Innovation of movable type
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Johannes Gutenberg: 15th century printing with type.
  • 1452, Gutenberg conceives of the idea for movable type. The first to invent an effective casting of type and thus making an industry and change in European civilization.

  • Gutenberg's major contribution to printing came while he was working as a goldsmith, back in Mainz.

  • He knew if he could produce indulgences quickly and by the hundreds he could pay off some of his debts from his trinket selling days.

  • So he created metal molds for letters, which were then filled with a molten lead alloy.

  • The cast letters were uniform in size so that they could be aligned easily on a frame, and once assembled in proper order, the frame holding the letters was then pressed against parchment or vellum.

  • The result was an exactly repeatable, error-free piece of "writing." Gutenberg may have printed thousands of indulgences (whose abuse by the Catholic Church annoyed a certain Martin Luther).



The earliest known portrait of Gutenberg,
engraving on copper,
(1584)

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Letters of indulgence,
Block print, (1454) (
CloseUp)


  • Earliest dated moveable type specimen

  • An indulgence could be purchased as a sort of "coupon" by sinners as credit against time to be spent in Purgatory.

  • The written additions in this copy indicate that on the last day of December 1454, one Judocus Ott von Apspach was pardoned of his sins.


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These early-19th-century engravings illustrate Gutenberg’s system for casting type.

    A. Punch

    B. Matrix

    C. Type mold (with matrix removed to show a newly cast H)

    D. & E. Type mold (opened so that the newly cast H can be removed.)

    A steel punch (A) is used to stamp an impression of the letterform into a softer brass matrix (B). After the matrix (B) is slipped into the bottom of the two-part type mold (C), the mold (D & E) is filled with the molten lead alloy to cast a piece of type. After the lead alloy cools, the type mold (D & E)is opened and the type is removed.

 

 

 

  • Gutenberg himself did not actually invent the printing press.  
  • His true innovation is the mechanism that allowed individual letters to be interchanged,
  • This shaved weeks off the pre-printing process itself and reducing the price of and luxury of the book.  
  • He also created an instrument for hand-pouring that allowed the printer to create any number of individual letters out of a unique mixture of alloy, the Gutenberg Printing Press soon became the standard across Europe.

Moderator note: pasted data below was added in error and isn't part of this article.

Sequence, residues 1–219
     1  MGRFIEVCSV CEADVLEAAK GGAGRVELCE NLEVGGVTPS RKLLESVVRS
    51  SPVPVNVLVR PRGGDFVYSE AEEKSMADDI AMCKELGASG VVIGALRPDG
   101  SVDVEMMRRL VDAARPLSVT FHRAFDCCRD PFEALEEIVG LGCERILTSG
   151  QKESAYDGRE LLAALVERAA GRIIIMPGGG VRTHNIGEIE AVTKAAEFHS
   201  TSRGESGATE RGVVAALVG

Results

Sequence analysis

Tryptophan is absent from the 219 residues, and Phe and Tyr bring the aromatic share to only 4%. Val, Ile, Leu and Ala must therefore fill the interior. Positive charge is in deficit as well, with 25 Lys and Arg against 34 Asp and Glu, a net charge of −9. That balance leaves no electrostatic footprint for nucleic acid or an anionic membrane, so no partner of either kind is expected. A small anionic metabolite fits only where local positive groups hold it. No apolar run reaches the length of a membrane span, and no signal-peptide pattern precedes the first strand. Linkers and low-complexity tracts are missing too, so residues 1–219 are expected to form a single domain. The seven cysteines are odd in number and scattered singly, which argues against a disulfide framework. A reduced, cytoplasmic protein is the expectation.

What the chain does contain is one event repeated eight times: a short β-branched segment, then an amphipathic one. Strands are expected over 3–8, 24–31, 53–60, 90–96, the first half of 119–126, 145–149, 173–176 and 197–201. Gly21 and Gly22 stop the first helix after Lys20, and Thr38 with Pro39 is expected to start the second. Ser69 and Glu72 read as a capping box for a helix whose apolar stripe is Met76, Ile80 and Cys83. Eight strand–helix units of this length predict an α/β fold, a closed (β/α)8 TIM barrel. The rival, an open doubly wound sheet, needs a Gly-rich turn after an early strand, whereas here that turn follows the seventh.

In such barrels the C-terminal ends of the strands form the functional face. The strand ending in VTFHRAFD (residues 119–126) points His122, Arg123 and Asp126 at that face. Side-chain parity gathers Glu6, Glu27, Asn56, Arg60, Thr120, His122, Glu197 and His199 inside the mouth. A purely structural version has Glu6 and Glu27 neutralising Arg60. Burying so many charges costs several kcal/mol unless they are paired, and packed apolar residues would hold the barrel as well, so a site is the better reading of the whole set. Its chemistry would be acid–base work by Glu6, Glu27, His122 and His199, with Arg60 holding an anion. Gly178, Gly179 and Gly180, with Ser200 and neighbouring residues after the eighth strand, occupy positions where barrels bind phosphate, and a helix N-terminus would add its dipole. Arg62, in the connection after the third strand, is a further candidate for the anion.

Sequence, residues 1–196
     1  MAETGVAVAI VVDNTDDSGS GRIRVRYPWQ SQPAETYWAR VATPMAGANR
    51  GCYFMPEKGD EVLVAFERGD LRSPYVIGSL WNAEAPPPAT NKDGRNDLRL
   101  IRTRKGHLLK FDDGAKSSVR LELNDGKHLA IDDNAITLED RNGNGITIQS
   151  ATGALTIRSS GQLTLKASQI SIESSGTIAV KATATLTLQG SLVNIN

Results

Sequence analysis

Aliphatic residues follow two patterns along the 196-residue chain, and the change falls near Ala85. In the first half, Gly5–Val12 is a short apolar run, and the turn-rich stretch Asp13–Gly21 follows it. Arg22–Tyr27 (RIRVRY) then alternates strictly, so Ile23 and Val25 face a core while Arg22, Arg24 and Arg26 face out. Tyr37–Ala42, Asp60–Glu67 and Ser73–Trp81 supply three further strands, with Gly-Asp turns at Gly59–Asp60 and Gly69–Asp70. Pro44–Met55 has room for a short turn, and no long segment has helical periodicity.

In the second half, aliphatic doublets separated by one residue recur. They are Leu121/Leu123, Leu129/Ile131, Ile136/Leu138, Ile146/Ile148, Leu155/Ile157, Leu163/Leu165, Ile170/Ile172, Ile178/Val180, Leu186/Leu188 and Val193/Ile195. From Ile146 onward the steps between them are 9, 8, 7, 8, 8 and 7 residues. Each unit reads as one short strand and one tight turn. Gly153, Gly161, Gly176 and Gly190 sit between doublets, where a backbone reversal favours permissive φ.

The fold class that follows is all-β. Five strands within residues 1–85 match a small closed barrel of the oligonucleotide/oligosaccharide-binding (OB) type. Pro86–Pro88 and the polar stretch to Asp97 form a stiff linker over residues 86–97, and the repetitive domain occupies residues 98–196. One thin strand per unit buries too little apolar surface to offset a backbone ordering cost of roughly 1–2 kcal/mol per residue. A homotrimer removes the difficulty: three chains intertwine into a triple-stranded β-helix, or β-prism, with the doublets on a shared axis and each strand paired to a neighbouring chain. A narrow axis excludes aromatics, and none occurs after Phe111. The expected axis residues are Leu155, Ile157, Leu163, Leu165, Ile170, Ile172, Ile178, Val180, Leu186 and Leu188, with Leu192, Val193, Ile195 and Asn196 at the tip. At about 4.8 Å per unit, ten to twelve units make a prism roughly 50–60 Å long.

• The medieval Catholic Church became Gutenberg's largest patron after he established himself without the later support of an investor Fust, in 1455.
  • Other documents printed on Gutenberg's press were flyers, calendars, letters, and general works of Latin literature. This close relationship with the Church also had an ironic turn--Mainz was the city where the first censorship edict was decreed in Germany.

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(Click here for actual type used by Gutenberg)

In Gutenberg's workshop, he brought together the following technologies to print books.

    • paper
    • oil-based ink
    • & the wine-press
  • As a metal smith, Gutenberg knew the write metals to use, soft enough to cast, but hard enough to hold up for thousands of impressions.
  • Unique metal mixture: A unique alloy of 80% lead, 5 % tin, and 15% antimony
 

another description of Gutenberg's type system

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42 line Bible


A single page from Gutenberg's 42 line Bible, (1450-55)

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2 pages from Gutenberg's 42 line Bible, (1450-55)

websites on Gutenberg

site01 | site02

  • The world’s first book printed by movable type.

  • Gutenberg’s name does not appear on any of his work, but he is generally accredited with The 42 line Bible

  • Named for the # of lines that were in each column from its double-column pages

  • also known as the Gutenberg Bible or the Mainz Bible (for the place where it was produced).

  • generous margins

    first printed book of quality

    In order to achieve his final result, Gutenberg cast 290 different type shapes. Each shape was an individual type component, such as a lower or upper case letter, a punctuation mark, or a symbol.

 

  • it took Gutenberg at least two years to complete his first book.
  • Had a staff of about 20

  • Finishing touches, including color of red and blue headers, intials and text were added by hand by an illuminator.

  • 42-line Bible was near completion by 1455
  • Published in 2 volumes, totaling over 1,200 pages, is one of the most beautiful of all printed books.

  • No one knows exactly how many copies of the Bible were printed, but the best guess is that around 180-145 on paper and a few more on the more luxurious and expensive vellum. (high quality parchment)

    (Forty-eight of these books have been preserved.)

 

Gutenberg's life timeline

Example of Gutenberg style press

 

Printing Advances

  • The art of printing was perfected by Gutenberg in Germany by 1450.
  • The first Italian press was set up by the partnership outside Rome by 1465
  • 4 years later a German named Johannes de Spira began printing in Venice.
  • Venice rapidly became the printing capital of the 15th century.
  • Huge immigrant population
  • a place where foreigners could thrive, all new settlers being promised protection and liberty.
  • Most of the early 'Venetian' printers were in fact immigrants,
  • including Nicolaus Jenson who was originally from France.